Choice-supportive misremembering: A robust phenomenon?

Lind, Martina (2019) Choice-supportive misremembering: A robust phenomenon? PhD thesis, University of Trento.

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Although the literature on choice-supportive memory – remembering the items of chosen options as more preferential and those of non-chosen options as less preferential than they actually were – is scarce and scattered, it has widely been accepted as a solid phenomenon that could lead to biased future decisions. In the published studies to date, different types of such misremembering have been observed using rather dissimilar methods, with the large majority testing memory solely with source recognition. The characteristics of the material to be remembered have not been particularly varied and the effect of different delay levels has not been properly investigated. Thus, at the onset of this project, there was a lack of insight into the nature and robustness of the phenomenon and no systematic review of the relevant literature had been done to provide an integrative assessment of its status. The objectives and scope of the current project are the following: (1) to conduct a systematic literature review on the phenomenon of choice-supportive misremembering; (2) to propose a new comprehensive taxonomy of the different types of memory distortions after choice, and (3) to investigate the empirical support for the proposed taxonomy and explore the conditions necessary for the choice-supportive misremembering effect. The first experiment involved four choice scenarios and had a typical design for studies in the decision-making literature (information presented in tables with a low number of attributes and only the value of each one differing between the two options). Memory was tested with free and cued recall only, and the delay between the choice and the memory tests was manipulated on three levels (2 minutes, 20 minutes, and 2 days). The results fully supported the proposed taxonomy, but also highlighted the absence of choice-supportive misremembering despite the high statistical power of the tests. In the second experiment, the scenarios and options were more complex and verbose, with a higher number of items. Four different scenarios were used and presented in two different formats (‘narrative’ vs list) as well as in an alignable and an unalignable version. The narrative versions presented the items of the two options in blocks of text (Option A above Option B), whereas the list versions displayed each item on a separate line (Option A adjacent to Option B). In the alignable version, the items presented had corresponding items on the same dimension in both options, while there was no such correspondence in the unalignable version. This time, memory was tested with free and cued recall in addition to a source recognition test that has hitherto been more typical for studies on choice-supportive misremembering. In common with the first study, this second experiment provided full support for the proposed taxonomy, but it also demonstrated the existence of the choice-supportive misremembering effect regardless of the manipulated variables. Considered in unity, the results of the two experiments suggest that the type of stimuli used is a decisive factor and confirm that the phenomenon does not occur with the kind of materials typically used in the decision-making literature. Indeed, when participants are more likely to compare the options item by item rather than rely on gist-based processing, they do not seem to exhibit choice-supportive memory effects. This observation and the findings from the literature review and the two experiments are discussed in light of the various theories that have been proposed to explain misremembering. Finally, suggestions on how to further expand the knowledge through new research studies on specific populations are put forward.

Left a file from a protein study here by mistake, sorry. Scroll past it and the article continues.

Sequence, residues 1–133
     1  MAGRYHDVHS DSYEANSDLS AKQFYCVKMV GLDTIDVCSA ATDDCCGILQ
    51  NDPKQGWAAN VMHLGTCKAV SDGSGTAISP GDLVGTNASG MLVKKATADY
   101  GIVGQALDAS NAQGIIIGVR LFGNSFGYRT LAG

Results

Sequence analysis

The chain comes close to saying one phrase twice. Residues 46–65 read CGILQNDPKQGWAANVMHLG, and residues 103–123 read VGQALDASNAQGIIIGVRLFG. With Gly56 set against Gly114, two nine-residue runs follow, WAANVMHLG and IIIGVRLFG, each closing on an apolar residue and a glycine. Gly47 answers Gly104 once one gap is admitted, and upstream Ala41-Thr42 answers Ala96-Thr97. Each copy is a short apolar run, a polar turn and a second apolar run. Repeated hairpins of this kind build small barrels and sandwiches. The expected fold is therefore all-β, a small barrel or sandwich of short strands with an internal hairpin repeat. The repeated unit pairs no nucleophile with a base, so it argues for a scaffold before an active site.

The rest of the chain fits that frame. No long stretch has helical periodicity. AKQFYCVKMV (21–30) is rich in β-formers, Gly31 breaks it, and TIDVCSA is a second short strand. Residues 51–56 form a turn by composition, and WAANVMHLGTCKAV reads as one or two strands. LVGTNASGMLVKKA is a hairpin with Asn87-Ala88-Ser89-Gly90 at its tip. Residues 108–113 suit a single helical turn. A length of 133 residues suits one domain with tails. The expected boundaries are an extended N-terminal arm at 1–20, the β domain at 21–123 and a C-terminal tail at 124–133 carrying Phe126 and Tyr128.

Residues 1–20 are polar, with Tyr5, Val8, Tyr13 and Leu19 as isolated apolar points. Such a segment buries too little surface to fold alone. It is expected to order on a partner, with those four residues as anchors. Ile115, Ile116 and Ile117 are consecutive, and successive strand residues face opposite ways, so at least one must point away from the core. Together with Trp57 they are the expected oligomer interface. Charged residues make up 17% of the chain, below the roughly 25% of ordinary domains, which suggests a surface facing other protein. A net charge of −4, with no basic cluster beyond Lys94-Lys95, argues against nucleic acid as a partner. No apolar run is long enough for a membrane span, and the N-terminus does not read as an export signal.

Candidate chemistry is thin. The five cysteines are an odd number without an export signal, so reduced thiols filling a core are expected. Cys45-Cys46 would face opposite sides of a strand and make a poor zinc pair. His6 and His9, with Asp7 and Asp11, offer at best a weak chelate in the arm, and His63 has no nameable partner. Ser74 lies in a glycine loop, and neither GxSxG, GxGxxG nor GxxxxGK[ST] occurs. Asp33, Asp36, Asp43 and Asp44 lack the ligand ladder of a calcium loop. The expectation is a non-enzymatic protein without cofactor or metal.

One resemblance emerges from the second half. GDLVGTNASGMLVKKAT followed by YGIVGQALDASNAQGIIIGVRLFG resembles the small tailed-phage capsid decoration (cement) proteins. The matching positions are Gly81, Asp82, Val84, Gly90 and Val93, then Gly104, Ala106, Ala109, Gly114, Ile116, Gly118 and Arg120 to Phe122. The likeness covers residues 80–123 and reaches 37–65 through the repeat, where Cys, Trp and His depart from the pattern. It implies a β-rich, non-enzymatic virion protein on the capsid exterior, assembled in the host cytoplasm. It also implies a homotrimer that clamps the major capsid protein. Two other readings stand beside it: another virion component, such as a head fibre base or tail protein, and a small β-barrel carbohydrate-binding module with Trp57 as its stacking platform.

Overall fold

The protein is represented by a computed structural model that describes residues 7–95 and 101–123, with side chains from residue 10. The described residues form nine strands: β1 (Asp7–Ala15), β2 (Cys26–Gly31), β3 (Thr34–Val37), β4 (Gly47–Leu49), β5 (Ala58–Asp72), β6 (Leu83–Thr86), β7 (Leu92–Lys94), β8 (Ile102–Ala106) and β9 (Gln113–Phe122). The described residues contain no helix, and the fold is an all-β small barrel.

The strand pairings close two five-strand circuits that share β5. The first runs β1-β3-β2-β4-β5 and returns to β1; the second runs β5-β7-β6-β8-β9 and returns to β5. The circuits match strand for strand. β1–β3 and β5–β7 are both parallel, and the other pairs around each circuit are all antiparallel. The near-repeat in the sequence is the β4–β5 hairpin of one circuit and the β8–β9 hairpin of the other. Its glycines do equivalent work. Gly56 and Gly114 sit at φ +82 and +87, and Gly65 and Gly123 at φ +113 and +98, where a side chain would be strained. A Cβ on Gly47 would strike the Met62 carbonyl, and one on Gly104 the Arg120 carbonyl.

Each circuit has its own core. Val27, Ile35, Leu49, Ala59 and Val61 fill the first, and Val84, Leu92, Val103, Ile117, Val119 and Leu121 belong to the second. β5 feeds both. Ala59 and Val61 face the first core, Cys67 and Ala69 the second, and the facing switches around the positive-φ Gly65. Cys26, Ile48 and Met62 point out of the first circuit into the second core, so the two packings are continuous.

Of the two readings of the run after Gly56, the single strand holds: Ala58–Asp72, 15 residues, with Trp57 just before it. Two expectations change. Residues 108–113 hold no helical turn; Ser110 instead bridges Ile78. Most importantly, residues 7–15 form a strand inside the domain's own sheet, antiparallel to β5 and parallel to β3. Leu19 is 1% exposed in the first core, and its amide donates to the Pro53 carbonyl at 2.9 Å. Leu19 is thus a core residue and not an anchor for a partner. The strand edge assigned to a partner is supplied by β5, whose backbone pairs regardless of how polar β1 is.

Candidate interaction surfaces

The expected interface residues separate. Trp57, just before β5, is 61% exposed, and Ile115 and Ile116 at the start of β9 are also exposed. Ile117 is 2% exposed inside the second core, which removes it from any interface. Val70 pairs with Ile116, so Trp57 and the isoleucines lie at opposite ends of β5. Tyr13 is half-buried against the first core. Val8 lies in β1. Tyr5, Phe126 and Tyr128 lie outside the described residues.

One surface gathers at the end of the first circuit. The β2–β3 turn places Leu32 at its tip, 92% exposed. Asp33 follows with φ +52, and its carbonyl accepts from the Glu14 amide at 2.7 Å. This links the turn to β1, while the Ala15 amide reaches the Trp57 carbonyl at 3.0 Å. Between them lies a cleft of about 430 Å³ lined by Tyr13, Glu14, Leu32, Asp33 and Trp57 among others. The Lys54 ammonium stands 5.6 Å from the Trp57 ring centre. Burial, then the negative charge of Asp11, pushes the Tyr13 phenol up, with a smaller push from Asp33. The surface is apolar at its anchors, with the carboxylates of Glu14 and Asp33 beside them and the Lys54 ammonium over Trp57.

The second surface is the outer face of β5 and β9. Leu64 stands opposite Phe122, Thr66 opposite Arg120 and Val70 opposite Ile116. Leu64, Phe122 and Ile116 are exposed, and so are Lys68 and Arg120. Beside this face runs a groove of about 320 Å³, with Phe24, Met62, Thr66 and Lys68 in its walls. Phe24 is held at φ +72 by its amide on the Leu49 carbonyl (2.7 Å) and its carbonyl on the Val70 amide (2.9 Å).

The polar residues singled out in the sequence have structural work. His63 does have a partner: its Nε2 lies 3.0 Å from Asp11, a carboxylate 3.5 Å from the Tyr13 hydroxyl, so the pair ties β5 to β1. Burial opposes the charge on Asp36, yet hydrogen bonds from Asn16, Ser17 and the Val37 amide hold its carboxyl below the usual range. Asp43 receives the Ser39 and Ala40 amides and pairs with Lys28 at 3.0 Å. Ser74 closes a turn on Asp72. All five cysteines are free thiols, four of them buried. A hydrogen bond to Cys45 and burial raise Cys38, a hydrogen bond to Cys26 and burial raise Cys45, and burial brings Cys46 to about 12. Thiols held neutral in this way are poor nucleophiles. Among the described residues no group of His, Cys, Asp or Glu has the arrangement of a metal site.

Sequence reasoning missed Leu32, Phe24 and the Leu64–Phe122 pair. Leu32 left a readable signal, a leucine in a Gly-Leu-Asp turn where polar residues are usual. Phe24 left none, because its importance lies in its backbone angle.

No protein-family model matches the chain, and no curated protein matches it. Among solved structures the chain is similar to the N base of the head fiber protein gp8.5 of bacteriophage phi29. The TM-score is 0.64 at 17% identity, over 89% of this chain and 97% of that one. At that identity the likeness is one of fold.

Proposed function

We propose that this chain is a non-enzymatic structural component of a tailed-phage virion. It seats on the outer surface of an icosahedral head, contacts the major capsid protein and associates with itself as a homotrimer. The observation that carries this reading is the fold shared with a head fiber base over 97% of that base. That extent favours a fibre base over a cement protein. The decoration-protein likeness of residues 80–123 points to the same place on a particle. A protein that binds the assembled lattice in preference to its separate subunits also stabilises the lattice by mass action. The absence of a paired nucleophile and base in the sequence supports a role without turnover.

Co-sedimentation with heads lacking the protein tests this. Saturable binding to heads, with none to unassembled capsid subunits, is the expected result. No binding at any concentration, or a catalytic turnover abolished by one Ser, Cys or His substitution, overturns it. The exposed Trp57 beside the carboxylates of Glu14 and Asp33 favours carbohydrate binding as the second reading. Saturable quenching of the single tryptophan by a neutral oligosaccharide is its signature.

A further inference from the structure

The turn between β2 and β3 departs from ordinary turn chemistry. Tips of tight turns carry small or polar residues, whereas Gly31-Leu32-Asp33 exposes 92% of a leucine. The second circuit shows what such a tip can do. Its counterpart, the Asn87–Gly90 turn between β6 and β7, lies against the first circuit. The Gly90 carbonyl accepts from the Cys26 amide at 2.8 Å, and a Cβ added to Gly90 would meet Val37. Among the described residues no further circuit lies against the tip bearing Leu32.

Item Type:Doctoral Thesis (PhD)
Doctoral School:Psychological Sciences and Education
PhD Cycle:31
Subjects:Area 11 - Scienze storiche, filosofiche, pedagogiche e psicologiche > M-PSI/01 PSICOLOGIA GENERALE
Repository Staff approval on:11 Feb 2019 11:05

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